Russian War Report: Anti-Ukrainian counteroffensive narratives fail to go viral

As Russia continues its assault on Ukraine, the Atlantic Council’s Digital Forensic Research Lab (DFRLab) is keeping a close eye on Russia’s movements across the military, cyber, and information domains. With more than seven years of experience monitoring the situation in Ukraine—as well as Russia’s use of propaganda and disinformation to undermine the United States, NATO, and the European Union—the DFRLab’s global team presents the latest installment of the Russian War Report


Deadly Russian barrage targets residential building in Kryvyi Rih as fighting continues in south and east

Putin confirms Russian conscripts are protecting Belgorod Oblast against raids

Tracking narratives

Narrative targeting Ukraine’s counteroffensive fails to gain traction on Twitter

Deadly Russian barrage targets residential building in Kryvyi Rih as fighting continues in south and east

On June 13, Russia attacked a residential building in Kryvyi Rih, killing at least twelve people and injuring at least thirty-four. Rescue operations continued the morning of June 14. 

Elsewhere, the Air Force of the Armed Forces of Ukraine said at least three people were killed and thirteen wounded after Russia launched Kalibr cruise missiles against Odesa on the night of June 13. The air force said it shot down three of four Kalibr cruise missiles and nine of ten Shahed drones. In addition, shelling in Karyerne, in Kherson Oblast, killed a nine-year-old girl, according to the Prosecutor General’s Office.

Further, a Donbas Telegram channel citing Governor Pavlo Kyrylenko reported at least two people killed and two others wounded after Russian missile strikes in Kramatorsk. In the Dnipropetrovsk region, Governor Serhiy Lysak said three Shahed drones were shot down, while in Svitlovodsk, Kirovohrad Oblast, a Shahed drone reportedly struck an unnamed “infrastructure object.” Russian Tu-22M3 bombers also launched Kh-22 missiles against targets in Donetsk Oblast. Meanwhile, shelling was reported in Russia’s Kursk region, targeting Glushkovo, Korovyakovka, Tetkino, and Popovo-Lezhachi. A police station in Glushkovo was reportedly damaged. 

The General Staff of the Armed Forces of Ukraine reported on June 13 twenty-eight clashes between its forces and the Russian army. Near Bakhmut, Russian forces attempted to carry out attacks in the areas of Orikhovo-Vasylivka, Ivanivske, and Bila Hora. Attacks were also reported in the direction of Lyman near Vesele and Rozdolivka. 

The office of Ukrainian President Volodymyr Zelenskyy said that evacuations are planned in Armyansk, a Russian-occupied town in north Crimea, prompted by the collapse of the Nova Kakhovka dam. Operations at the Titan titanium dioxide plant in Armyansk were critically disrupted as a result of the dam collapse. The presidential office said an attack against the Titan plant could release up to two hundred tons of ammonia into the air, posing a significant threat to north Crimea and south Kherson Oblast. Flooding is also silting up the North Crimean Canal; Reuters noted that the canal has traditionally supplied 85 percent of Crimea’s water.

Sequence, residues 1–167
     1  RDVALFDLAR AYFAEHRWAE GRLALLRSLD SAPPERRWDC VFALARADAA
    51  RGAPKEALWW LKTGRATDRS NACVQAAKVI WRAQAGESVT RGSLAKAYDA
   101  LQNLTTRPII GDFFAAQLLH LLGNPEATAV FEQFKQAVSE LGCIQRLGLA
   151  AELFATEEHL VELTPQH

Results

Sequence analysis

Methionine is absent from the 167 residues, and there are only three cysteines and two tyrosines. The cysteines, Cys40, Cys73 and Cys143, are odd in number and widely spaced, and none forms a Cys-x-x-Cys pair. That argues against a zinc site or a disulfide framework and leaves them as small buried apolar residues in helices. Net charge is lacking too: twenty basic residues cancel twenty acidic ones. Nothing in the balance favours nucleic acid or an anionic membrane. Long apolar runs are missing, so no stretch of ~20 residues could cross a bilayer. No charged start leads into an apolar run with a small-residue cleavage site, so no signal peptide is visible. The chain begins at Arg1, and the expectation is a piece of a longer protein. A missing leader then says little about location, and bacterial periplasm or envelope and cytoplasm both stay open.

Ukrainian volunteer Roman Donik reported on June 13 that the 47th Mechanized Brigade of the Armed Forces of Ukraine, known as Magura, is advancing through continuous minefields. Ukraine’s current de-mining equipment is reportedly insufficient for handling the density of the minefields. Despite the risks, the soldiers of the brigade are moving forward on foot. The following day, Speaker of the General Staff of the Armed Forces of Ukraine Andriy Kovalev announced that Ukrainian forces had advanced in various areas in the direction of Berdyansk at a distance of 200 to 1,400 meters. Currently, the main battles are taking place in Makarivka, Novodanylivka, and Novopokrovka. 

The investigative unit of Radio Free Europe/Radio Liberty’s Ukraine service reported that satellite imagery shows Russia transferred twenty helicopters to the Berdyansk airfield after the launch of Ukraine’s counteroffensive in the direction of Zaporizhzhia. Currently, there are at least twenty-seven Russian military helicopters at the occupied airfield, as well as five Ka-52 units, nine Mi-8 or Mi-24 units, and thirteen Ka-29 units. According to the report, these aircraft are designed to support Russian ground forces with the operational transfer of troops or equipment closer to the battlefield, in addition to possible evacuation operations. 

According to Mykola Kolesnyk, a Ukrainian paramilitary leader, a Russian ammunition depot was hit in occupied Staromlynivka by the aerial reconnaissance unit of the 129th Territorial Defense Forces Brigade and the artillery unit of the 55th Brigade of the Armed Forces of Ukraine. Footage from the 53rd Brigade of Ukraine’s Armed Forces shows strikes against Russian equipment, warehouses, and bases.